• [0016]
    The low noise patient cable has been disclosed in detail in connection with various embodiments. These embodiments are disclosed by way of examples only and are not intended to limit the scope of the claims that follow. One of ordinary skill in the art will appreciate many variations and modifications.

Claims (10)

    What is claimed is:
  1. 1. A low noise patient cable comprising:
    a plurality of emitter wires configured to communicate a drive signal between a monitor and at least one emitter;
    a plurality of detector wires configured to communicate a physiological signal between a detector, which is responsive to energy received from said at least one emitter, and said monitor; and
    a polymer layer disposed around at least a pair of said detector wires, said polymer layer adapted to conduct a triboelectric charge away from said detector wires.
  2. 2. The low noise patient cable according to claim 1 wherein said pair of detector wires is configured as a twisted pair and said polymer layer is coextruded with said twisted pair.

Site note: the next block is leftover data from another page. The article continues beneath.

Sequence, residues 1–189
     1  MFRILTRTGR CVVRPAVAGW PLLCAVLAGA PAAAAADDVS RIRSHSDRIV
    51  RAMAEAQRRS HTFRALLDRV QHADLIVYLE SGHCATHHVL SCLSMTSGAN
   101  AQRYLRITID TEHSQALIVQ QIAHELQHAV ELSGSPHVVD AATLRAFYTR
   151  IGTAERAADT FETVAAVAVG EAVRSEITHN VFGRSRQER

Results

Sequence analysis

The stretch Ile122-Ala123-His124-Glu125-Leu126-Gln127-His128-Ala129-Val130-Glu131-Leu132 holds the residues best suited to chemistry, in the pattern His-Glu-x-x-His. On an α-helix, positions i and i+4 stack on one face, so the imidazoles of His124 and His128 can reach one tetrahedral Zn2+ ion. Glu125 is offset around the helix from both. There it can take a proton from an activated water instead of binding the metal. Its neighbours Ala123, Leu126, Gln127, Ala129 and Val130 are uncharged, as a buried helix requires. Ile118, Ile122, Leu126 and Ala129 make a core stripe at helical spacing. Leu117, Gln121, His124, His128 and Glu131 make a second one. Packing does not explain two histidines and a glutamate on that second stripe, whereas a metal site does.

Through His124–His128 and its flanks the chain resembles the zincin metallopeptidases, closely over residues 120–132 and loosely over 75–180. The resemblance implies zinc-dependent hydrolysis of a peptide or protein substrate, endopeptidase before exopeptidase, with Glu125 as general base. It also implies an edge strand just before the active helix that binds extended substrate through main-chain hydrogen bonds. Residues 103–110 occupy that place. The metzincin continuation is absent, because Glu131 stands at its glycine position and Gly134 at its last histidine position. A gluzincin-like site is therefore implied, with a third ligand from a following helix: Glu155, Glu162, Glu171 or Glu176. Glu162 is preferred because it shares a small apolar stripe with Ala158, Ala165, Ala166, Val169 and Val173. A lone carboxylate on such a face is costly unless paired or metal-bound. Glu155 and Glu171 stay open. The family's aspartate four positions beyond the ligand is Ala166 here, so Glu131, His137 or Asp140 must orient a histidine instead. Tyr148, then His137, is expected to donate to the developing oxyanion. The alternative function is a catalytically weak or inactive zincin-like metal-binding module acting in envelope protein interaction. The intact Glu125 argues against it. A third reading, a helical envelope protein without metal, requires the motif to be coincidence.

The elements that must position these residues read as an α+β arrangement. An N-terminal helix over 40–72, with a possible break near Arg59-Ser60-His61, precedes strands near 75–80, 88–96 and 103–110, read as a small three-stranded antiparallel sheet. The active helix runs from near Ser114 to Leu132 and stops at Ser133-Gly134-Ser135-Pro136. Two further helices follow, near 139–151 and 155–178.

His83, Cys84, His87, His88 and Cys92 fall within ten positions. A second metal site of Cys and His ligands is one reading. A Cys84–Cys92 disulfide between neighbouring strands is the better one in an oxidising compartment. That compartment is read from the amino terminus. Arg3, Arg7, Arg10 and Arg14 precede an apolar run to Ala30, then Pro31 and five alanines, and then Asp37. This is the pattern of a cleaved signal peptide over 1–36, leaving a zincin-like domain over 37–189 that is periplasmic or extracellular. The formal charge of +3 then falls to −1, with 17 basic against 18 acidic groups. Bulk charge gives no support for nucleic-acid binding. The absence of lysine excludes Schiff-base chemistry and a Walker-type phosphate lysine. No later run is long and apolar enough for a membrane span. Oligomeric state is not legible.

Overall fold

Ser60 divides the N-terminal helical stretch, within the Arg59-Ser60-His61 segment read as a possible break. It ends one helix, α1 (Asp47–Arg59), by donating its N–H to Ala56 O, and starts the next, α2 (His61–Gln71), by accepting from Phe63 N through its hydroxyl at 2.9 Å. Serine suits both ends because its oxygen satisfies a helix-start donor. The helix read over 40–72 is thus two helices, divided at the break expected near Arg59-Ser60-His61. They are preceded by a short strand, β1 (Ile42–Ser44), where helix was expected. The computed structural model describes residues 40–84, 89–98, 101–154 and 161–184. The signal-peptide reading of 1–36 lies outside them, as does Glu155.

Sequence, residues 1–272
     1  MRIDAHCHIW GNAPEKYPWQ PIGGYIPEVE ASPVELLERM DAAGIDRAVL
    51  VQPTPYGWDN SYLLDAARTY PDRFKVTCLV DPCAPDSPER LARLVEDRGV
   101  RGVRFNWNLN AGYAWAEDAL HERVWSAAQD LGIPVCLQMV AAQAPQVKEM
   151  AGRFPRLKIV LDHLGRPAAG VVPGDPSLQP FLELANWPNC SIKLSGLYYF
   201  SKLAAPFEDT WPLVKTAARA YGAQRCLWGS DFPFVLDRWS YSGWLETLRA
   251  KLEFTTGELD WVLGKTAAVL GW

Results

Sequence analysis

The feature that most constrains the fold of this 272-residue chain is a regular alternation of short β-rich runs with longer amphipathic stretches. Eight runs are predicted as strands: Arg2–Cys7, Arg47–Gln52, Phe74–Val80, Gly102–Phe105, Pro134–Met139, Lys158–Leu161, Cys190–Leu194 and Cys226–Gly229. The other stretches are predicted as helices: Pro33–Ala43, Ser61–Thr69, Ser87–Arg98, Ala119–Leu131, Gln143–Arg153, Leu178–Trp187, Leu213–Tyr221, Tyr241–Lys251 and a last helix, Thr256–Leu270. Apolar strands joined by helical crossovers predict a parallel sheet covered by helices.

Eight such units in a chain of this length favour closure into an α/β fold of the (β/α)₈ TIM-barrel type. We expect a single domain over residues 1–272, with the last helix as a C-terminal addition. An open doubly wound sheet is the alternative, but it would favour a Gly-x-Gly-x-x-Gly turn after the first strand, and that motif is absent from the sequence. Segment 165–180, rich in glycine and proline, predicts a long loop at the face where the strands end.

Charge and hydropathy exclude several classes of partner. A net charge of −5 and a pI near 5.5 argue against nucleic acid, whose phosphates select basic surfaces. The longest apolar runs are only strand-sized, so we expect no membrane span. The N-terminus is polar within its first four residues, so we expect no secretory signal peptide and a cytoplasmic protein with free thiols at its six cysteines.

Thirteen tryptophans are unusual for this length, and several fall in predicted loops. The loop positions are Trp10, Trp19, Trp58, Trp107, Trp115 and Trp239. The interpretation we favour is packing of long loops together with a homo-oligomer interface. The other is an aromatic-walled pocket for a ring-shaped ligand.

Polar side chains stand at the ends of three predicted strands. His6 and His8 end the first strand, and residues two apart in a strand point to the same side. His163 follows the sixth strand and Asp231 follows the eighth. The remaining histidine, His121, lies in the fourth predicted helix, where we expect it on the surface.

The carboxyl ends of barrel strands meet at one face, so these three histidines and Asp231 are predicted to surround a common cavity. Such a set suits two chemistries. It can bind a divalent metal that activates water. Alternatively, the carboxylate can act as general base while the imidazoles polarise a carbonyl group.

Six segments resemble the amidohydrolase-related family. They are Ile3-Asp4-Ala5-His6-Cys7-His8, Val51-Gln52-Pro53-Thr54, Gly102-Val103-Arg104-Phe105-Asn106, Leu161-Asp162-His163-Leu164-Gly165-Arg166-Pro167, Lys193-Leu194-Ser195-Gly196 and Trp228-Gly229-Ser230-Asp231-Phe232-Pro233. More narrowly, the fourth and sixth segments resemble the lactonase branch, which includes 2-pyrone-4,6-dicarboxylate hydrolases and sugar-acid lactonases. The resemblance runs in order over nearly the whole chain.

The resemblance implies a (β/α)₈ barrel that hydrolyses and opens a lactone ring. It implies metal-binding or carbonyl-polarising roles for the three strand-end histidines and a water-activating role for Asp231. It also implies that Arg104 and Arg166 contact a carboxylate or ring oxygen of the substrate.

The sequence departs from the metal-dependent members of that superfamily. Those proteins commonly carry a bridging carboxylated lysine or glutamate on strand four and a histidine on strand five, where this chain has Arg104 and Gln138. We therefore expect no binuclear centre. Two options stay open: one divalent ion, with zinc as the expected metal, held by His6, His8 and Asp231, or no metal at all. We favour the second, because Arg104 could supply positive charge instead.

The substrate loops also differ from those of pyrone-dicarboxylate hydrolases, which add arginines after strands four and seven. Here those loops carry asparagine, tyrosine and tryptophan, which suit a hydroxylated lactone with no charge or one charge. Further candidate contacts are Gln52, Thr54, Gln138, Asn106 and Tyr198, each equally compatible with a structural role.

3. 3. The low noise patient cable according to claim 2 wherein said polymer layer is a conductive PVC.
  4. 4. The low noise patient cable according to claim 3 wherein said conductive PVC is coextruded to a diameter in the range of about 0.055 to about 0.061 inches.
  5. 5. The low noise patient cable according to claim 4 wherein said conductive PVC is a flexible conductive vinyl compound.
  6. 6. A cabling method comprising the steps of:
    twisting a pair of detector wires;
    coextruding said wires with a conductive polymer to form a polymer layer disposed around said insulator of each of said wires;